To be sure, both images are vivid examples of a widespread, thoughtless contempt that demands our condemnation. And in a sense, the fact that they were widely tolerated—even celebrated as daring taboo breaking—only makes it worse: As Lili Loufbourow writes in Slate, the type of lazy humor that involves humiliating women and minorities is really a way of celebrating the unearned privileges of patriarchy and white supremacy. Indeed, the harm caused by widespread and socially accepted moral wrongs is often greater than that caused by wrongdoing that is widely condemned. Before heightened public awareness about its prevalence, sexual harassment left women powerless and stigmatized; by contrast, in the #MeToo era, the victims of harassment have powerful allies ready to come to their defense. Similarly, in the 1970s and 1980s, blacks were expected to laugh along with or at least tolerate blackface and the racial stereotypes and contempt it perpetuated—as Pryor’s role in Silver Streak demonstrates. Today, blackface reflects poorly not on black people, but on the white people wearing it.
But past transgressions that were widely tolerated at the time might not reflect the individual character flaws that similar transgressions would today. Over a decade ago, when it was taken, the Al Franken photo might have reflected the lazy humor of a comedian past his prime—something similar in the era of #MeToo could only be the deliberate provocation of a defiant misogynist. Similarly, blackface in the 1980s might reflect the cavalier, ill-considered racism that was pretty much in the water in the 1970s and 1980s; today it would undoubtedly reflect a belligerent assertion of white supremacy. In other words, the same behavior need not reflect the same motives or presuppositions. One need not excuse the former examples to admit that they are not as blameworthy as the former. While there is no respectable argument in favor of allowing an unrepentant bigot or sexist to occupy public office (though many do!), reasonable people may differ as to whether the crude, insensitive frat boy antics common in the recent past are grounds for exclusion from public service.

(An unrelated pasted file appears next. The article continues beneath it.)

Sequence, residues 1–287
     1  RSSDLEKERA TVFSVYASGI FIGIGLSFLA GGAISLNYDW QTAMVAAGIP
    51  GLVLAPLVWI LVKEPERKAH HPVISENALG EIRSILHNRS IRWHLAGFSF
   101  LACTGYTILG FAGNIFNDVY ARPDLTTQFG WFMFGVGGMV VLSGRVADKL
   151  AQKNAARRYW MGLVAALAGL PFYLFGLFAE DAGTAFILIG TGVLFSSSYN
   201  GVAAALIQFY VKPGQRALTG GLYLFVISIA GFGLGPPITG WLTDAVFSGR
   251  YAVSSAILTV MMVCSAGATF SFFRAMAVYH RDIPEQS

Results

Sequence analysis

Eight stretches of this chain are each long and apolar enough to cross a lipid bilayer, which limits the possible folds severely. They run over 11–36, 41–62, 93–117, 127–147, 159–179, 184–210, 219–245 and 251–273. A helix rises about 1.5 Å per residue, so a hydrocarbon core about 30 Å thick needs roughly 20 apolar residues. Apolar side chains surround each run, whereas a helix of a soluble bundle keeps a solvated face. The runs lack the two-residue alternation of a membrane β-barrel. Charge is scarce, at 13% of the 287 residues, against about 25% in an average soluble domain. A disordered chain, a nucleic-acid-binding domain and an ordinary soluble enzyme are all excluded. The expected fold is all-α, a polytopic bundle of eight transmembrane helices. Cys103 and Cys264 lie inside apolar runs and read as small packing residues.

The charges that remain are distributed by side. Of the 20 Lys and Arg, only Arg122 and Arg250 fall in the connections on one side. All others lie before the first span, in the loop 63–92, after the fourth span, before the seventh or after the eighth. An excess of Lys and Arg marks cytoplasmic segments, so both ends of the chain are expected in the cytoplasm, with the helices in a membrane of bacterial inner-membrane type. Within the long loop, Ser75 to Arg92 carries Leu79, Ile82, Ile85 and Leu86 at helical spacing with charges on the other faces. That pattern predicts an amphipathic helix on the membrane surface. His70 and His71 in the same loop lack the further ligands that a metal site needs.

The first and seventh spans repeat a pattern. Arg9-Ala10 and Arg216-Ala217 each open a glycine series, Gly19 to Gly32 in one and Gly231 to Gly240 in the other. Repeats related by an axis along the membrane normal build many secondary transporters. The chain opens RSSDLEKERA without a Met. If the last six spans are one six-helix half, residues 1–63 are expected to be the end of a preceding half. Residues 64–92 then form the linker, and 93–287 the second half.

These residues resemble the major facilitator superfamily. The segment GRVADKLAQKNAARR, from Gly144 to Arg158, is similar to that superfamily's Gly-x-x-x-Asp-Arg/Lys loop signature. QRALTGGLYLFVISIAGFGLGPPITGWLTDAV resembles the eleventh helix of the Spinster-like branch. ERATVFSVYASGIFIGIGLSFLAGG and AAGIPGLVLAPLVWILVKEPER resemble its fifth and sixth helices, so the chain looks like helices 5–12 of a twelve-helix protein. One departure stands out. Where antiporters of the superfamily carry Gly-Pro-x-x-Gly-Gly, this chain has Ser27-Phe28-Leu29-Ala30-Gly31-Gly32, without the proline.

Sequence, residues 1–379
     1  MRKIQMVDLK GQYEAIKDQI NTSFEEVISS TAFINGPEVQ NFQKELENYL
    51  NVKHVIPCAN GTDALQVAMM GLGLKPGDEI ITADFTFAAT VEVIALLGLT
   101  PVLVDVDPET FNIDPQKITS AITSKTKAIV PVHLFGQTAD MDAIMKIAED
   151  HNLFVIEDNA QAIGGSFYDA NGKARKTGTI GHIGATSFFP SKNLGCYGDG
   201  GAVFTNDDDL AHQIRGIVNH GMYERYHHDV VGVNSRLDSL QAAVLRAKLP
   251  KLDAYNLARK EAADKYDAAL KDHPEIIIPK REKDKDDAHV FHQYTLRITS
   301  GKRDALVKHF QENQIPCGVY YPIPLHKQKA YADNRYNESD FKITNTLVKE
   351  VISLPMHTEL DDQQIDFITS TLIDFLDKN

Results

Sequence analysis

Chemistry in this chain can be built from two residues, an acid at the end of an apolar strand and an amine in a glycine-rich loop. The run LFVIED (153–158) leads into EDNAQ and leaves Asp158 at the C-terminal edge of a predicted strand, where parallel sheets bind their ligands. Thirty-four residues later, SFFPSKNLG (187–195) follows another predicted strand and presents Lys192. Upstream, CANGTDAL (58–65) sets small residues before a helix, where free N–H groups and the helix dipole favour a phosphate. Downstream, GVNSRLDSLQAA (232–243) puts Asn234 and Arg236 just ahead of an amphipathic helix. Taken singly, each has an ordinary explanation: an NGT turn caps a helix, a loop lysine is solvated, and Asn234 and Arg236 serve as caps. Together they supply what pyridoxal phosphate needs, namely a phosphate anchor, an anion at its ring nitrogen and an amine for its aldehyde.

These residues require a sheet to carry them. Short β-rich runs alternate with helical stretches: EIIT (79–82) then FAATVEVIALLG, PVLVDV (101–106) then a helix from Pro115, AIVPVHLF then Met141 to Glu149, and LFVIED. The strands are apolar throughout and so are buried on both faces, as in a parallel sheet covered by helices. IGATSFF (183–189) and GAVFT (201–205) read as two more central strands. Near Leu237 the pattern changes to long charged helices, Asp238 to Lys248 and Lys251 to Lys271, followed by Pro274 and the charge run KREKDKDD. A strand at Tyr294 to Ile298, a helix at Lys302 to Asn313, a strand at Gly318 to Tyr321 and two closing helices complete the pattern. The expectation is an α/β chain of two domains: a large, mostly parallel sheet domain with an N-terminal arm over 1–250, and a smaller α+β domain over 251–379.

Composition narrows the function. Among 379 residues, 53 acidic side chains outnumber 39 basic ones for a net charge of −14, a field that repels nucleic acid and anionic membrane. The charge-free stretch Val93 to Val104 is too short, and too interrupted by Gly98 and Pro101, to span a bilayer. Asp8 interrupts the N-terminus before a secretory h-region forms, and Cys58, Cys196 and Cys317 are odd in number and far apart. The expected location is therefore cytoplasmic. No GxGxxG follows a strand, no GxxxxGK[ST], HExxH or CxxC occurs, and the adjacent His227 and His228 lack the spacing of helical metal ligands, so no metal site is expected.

This time of evolving social norms presents a tension. We must unequivocally condemn the kind of habitual thoughtless prejudice revealed in the Franken and Northam photos, without rushing to unequivocally condemn everyone involved. But unless we get corroborating evidence that Northam is a bigot—as we did of Franken’s sexual harassment—it’s premature to demand that he resign. Since the blame for the culture of racism and sexism that these images exemplify is ultimately a collective blame, we must separate the magnitude of the social injury from our assessment of individual character. Changing deep-seated, hierarchical cultural norms requires more than just attacking individual bigots, predators, and the shamefully insensitive. Sometimes, it will also require less.
Understandably perhaps, such distinctions often get lost in the moral fervor surrounding a social justice movement, which is not always easily distinguishable from a moral panic, where such distinctions are by definition impossible. But they are indispensable to any sustainable change in social norms or durable movement for social justice. In what’s become known as “Call Out” culture, righteous indignation can give rise to an unforgiving, even cruel punitiveness. That in turn fuels a backlash that can turn the long overdue reckoning with institutionalized racism and sexism into yet another flash point of ideological polarization. If consistent and forceful condemnation of casual bigotry can be leavened with sympathy, charity, and the possibility of forgiveness, perhaps a needed change in norms can come without a culture war.